Canadian researchers led by physicians from Queen’s University, Ontario, conducted a study probing into the barriers physicians face to successfully participate in clinical trials.
The backbone of modern evidence-based medicine, clinical trials inform clinical decision-making along for the entire spectrum of care. It is not simple or straightforward for physicians to transition into conducting clinical trials—they are complex and expensive—and presuppose a significant investment in time, knowledge, capacity and what this author calls “vocational certainty.” Clinical trials necessitate the coordination and collaboration of a number of entities from health care providers, patients, administrators and government and often industry sponsors. Material barriers to any one of these groups represents a real detriment to any successful clinical trials program.
A Study of the Barriers to Physician Participation in Clinical Trials
A group of Canadian researchers addressed this topic with cross-sectional study of prematurely terminated clinical trials. In this study focusing on physician barriers in clinical trials participation, they found that out of 905 (12%) of the identified clinical trials were closed early. Of those 905 studies, 619 (68.4%) closed for reasons other than the scientific data related to the trial, with 350 (38.7%) having been closed because of an insufficient accrual rate—the leading cause of closure.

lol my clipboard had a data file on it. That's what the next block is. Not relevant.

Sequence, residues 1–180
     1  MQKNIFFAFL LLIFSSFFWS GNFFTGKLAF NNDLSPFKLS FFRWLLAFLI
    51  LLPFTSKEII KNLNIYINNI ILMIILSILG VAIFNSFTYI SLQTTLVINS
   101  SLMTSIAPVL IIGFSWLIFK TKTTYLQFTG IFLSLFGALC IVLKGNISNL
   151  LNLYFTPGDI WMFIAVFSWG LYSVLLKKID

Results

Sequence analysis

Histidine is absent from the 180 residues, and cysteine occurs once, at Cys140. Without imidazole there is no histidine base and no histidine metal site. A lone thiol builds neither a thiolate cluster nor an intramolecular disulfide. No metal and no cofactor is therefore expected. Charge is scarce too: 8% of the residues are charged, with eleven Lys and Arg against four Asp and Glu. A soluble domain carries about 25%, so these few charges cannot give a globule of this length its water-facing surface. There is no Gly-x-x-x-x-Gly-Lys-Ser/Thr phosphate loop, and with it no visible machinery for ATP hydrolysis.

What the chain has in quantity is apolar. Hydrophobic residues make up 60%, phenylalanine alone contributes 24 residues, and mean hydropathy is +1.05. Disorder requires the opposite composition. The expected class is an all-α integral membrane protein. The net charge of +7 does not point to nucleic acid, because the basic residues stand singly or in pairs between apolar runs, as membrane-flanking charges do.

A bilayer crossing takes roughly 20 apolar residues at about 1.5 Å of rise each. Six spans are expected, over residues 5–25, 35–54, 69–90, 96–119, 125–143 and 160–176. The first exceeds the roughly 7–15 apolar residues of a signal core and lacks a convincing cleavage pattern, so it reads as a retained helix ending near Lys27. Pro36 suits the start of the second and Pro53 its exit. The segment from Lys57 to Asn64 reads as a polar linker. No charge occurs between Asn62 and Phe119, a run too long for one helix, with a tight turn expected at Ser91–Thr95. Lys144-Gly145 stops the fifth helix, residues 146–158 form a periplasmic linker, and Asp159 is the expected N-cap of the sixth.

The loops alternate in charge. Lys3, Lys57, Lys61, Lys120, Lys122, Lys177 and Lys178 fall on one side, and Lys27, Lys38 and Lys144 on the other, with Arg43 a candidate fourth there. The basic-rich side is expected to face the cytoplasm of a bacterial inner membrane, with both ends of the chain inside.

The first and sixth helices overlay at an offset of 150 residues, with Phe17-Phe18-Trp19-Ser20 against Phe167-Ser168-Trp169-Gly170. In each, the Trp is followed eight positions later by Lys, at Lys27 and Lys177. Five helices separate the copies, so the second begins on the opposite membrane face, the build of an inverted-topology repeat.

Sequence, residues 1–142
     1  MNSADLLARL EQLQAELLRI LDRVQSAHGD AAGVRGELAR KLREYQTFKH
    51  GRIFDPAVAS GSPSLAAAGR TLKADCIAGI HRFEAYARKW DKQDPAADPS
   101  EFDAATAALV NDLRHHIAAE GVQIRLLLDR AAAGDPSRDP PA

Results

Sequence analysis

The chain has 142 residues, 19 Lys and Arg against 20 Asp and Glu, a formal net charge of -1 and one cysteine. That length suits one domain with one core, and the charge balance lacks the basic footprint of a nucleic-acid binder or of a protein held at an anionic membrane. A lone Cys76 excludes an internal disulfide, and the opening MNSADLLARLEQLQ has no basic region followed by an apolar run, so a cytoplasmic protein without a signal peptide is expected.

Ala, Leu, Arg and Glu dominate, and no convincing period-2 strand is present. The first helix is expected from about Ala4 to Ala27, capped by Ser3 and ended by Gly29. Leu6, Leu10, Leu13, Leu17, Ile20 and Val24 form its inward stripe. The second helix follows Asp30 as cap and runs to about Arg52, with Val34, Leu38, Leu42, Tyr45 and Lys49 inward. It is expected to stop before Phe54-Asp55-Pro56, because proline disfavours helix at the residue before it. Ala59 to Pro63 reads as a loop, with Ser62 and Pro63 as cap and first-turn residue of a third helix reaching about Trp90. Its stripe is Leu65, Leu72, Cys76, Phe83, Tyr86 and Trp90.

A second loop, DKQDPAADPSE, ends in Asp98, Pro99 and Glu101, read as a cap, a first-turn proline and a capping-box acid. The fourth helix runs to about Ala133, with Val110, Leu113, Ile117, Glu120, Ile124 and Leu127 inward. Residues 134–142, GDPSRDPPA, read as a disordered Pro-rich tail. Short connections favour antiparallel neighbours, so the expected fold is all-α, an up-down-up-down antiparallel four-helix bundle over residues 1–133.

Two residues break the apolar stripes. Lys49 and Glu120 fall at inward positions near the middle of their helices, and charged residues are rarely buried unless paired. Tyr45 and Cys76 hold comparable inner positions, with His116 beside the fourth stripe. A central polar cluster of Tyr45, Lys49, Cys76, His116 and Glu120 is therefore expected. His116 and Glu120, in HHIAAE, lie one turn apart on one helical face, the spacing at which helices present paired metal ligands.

Moreover, 8.5% of clinical trial closures were attributable to an unspecified business decision or strategic reasons, and a further 6.4% to problems with trial administration or conduct, including personnel issues. These proportions compare with 193 closures (21%) related to scientific data, 3.8% to funding, and 5.6% to results of other trials or to changes in the standard of care.
Physicians (Investigator) are Key
The Canadian team introduces the important reality that physicians are a key human resource conducting clinical trials. It is their levels of engagement, buy-in, commitment, capacity and financial wherewithal that can make or break an investigational sites success in a clinical trial.
TrialSite News provides the study teams snapshot summary of results. For a more detailed read follow the link to the source study. The survey collected 207 anonymous responses. Respondents were predominantly medical oncologists (46.4%), followed by radiation oncologists (24.6%). Almost 70% of the respondents had more than 10 years of experience. Significant time constraints included extra paperwork (77%), patient education (54%), and extended follow-up or clinic visits (53%). Timing of events within trials was also a barrier to participation (55%). Most respondents favored clinical work credits (72%), academic credits (67%), a clinical trial alert system (75%), a regular meeting to review trial protocols (65%), and a screening log to aid in patient accrual (67%) as motivational strategies. Suggested interventions included increased support staff, streamlined regulatory burden, and provision of greater funding for trials and easier access to ancillary services.
The study team confirmed that Canadian oncologists are willing to participate in clinical research, but face multiple barriers to trial participation. Those barriers could be mitigated by the implementation of several interventions identified in the study. TrialSite News provides a link to the study for those interested in a deeper dive.
Aamer Mahmud, MD, Department of Oncology, Queen’s University Cancer Centre of Southeastern Ontario
Osbert Zalay, MD, PhD, Department of Oncology, Queen’s University Cancer Centre of Southeastern Ontario
A Springer, BSc, Department of Health Sciences, Queen’s University, Kingston, ON
K Arts, BSN, MSN, Canadian Cancer Clinical Trials Network, Toronto, ON.Source: PMC